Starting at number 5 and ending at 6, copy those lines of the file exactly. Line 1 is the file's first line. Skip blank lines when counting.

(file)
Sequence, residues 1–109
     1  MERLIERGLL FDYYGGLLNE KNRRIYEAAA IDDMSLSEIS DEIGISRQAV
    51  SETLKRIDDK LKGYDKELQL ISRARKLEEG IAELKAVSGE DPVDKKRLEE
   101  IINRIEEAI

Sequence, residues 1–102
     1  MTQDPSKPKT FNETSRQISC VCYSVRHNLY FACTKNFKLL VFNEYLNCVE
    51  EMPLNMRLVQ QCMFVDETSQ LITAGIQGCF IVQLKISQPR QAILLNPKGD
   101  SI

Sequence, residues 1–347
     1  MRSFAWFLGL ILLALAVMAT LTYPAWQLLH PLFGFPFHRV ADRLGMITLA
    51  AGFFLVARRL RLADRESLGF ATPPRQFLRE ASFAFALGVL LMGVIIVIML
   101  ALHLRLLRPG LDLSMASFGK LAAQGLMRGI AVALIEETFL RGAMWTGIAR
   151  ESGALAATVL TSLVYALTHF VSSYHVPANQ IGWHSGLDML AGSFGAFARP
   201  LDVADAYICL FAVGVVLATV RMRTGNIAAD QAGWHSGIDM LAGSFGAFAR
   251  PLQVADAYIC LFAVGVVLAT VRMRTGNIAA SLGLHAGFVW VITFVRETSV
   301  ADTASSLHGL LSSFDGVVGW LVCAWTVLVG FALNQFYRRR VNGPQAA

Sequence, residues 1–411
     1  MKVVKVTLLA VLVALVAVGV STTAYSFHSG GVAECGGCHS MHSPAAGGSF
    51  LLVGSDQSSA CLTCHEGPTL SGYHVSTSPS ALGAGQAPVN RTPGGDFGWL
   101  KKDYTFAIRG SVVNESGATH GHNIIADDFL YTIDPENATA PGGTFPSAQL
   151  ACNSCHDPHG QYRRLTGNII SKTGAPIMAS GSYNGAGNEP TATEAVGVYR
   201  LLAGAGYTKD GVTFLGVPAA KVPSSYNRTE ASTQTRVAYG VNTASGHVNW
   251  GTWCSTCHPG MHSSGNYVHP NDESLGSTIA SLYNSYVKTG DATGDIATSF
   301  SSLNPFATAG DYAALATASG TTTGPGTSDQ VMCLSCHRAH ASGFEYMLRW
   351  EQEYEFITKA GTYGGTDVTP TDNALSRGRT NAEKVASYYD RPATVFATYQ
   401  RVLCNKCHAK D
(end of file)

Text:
Sequence, residues 1–102
     1  MTQDPSKPKT FNETSRQISC VCYSVRHNLY FACTKNFKLL VFNEYLNCVE